What is a preservation easement?Updated 02/20/2008
The term “preservation easement” is commonly used to describe a type of conservation easement – a private legal right given by the owner of a property to a qualified nonprofit organization or governmental entity for the purpose of protecting a property’s conservation and preservation values. Conservation easements are used to protect land that has outdoor recreational value, natural environmental value (including natural habitat), open space (including farmland, forest land, and land with scenic value), or land that has historic, architectural, or archaeological significance. Preservation easements are conservation easements whose principal purpose is to protect a property with historic, architectural, or archaeological significance, although the easement may also protect natural land values as part of a property’s historic setting. (Correspondingly, other types of conservation easements held by conservation organizations or land trusts typically are given for the purpose of protecting natural characteristics of a property, but they may also protect historic resources, such as historic farmland or archaeological sites.)
A preservation easement is considered a “partial interest” in real property – the property owner continues to own the property but transfers the specific set of rights represented by the easement to the easement-holding organization. Typically, a preservation easement protects against changes to a property that would be inconsistent with the preservation of the property, such as demolition of historic buildings, inappropriate alterations, or subdivision of land. The easement may also protect against deterioration by imposing affirmative maintenance obligations. The restrictions of the easement are generally incorporated into a recordable preservation easement deed that is part of the property’s title (in legal terms, it “runs with the land”) – and this title interest is binding both on the present owner and future owners.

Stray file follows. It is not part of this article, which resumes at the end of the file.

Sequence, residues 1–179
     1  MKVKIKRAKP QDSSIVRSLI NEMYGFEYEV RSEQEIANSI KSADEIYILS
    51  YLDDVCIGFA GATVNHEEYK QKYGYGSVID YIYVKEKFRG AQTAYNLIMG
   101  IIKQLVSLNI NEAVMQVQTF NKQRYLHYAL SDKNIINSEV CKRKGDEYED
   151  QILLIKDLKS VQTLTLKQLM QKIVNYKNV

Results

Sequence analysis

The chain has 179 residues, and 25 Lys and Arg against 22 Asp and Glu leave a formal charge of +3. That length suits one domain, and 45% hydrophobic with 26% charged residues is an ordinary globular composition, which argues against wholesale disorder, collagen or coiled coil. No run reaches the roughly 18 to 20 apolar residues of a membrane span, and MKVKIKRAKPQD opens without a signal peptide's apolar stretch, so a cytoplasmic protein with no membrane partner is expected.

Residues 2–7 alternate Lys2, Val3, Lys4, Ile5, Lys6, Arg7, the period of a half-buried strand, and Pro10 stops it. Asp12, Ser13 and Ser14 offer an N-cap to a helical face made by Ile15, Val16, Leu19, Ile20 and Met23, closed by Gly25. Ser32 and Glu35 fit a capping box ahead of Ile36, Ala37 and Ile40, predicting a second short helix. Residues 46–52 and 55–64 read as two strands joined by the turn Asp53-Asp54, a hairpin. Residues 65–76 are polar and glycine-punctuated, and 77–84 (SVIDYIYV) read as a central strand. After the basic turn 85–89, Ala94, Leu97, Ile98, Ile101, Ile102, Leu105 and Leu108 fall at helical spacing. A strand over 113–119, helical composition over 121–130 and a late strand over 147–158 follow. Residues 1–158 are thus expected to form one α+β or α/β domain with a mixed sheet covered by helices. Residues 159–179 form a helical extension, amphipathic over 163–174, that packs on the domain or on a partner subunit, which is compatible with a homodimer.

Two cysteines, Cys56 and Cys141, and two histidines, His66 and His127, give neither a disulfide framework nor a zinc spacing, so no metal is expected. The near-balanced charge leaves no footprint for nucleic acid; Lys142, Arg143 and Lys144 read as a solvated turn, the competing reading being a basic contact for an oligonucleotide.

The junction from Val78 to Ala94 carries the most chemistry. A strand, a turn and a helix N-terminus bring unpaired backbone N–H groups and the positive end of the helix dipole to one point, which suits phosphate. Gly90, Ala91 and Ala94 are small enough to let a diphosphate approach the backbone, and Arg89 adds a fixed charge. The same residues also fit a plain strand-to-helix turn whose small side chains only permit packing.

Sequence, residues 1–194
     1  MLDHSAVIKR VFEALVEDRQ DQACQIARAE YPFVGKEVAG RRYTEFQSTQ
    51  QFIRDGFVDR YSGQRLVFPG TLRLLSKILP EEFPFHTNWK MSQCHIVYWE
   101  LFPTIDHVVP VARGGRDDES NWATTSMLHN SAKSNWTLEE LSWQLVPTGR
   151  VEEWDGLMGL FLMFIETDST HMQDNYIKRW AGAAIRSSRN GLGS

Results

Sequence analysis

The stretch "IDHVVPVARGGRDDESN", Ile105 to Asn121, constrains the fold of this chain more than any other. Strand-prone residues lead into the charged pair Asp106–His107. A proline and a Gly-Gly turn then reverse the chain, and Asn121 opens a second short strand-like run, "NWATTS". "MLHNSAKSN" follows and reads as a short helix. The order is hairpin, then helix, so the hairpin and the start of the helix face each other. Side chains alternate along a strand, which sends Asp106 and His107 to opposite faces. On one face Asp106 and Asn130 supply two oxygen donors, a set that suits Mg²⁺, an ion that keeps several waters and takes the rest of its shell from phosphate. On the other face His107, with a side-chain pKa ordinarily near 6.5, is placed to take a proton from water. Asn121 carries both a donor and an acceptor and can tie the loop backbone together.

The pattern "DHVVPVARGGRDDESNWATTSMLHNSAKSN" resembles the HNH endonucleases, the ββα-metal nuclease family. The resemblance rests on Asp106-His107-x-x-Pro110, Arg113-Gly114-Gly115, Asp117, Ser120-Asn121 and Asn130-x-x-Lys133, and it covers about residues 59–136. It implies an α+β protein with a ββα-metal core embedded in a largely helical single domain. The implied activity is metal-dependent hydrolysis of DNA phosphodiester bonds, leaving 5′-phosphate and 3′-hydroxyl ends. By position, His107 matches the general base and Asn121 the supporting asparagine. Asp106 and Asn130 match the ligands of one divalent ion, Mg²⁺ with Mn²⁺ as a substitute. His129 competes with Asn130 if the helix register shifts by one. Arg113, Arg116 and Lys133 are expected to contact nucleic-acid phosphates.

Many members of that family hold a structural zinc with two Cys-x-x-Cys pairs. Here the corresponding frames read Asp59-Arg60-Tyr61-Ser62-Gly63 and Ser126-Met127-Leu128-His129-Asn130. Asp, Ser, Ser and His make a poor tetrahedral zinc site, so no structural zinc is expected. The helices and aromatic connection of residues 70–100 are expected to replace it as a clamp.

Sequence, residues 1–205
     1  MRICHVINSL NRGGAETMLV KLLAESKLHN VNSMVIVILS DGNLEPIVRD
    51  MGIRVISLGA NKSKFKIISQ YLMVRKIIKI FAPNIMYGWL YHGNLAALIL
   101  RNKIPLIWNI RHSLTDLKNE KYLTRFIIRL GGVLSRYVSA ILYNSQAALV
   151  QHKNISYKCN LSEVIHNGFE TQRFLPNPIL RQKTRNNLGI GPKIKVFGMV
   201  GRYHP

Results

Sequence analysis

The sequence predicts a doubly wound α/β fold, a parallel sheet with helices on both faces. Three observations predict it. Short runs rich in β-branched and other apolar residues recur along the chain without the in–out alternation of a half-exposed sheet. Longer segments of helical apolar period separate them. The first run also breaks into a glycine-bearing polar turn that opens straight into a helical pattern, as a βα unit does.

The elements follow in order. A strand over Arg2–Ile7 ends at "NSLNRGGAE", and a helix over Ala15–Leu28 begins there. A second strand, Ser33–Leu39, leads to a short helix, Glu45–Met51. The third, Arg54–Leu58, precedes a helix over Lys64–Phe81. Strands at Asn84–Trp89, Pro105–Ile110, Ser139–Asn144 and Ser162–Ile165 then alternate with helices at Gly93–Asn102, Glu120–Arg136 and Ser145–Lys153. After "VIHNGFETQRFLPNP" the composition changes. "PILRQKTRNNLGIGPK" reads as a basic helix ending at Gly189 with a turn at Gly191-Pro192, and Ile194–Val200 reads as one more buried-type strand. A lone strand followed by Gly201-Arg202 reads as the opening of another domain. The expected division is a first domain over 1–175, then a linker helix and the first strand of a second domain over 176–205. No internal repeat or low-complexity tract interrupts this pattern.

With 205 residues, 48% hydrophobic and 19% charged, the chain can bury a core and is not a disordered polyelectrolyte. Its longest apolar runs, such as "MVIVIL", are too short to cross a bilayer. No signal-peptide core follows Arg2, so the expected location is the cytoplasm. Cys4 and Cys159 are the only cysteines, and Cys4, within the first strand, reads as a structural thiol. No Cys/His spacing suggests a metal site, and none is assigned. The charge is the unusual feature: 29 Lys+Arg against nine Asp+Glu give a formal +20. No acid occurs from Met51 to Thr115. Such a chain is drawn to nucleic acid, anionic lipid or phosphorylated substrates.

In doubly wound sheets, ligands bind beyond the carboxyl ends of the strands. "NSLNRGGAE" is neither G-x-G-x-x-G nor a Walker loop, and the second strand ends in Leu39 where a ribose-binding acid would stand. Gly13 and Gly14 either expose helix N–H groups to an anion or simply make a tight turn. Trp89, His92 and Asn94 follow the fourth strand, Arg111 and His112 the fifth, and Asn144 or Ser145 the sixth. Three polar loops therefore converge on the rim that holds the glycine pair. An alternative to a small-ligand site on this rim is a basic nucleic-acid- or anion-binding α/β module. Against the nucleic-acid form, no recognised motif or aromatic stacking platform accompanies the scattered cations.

Preservation easements may be described in some states as “preservation covenants” or “preservation restrictions.” Although the terminology may vary, the interest conveyed is generally the same.
Conservation and preservation easements are created under state law – most states have specific enabling laws that authorize the creation of conservation and preservation easements as discrete interests in real property. The terms (and the requirements) of an easement may vary depending on the laws of a particular state – and, as such, it is important that property owners considering donating an easement, and that organizations considering accepting an easement, work with a lawyer familiar with the laws of the state in which the property in question is located. In some states, for example, state and local approval must be obtained before an easement will be deemed valid under state law.
Even though preservation easements are created under state law, easement donors seeking federal tax incentives will need to meet the requirements of the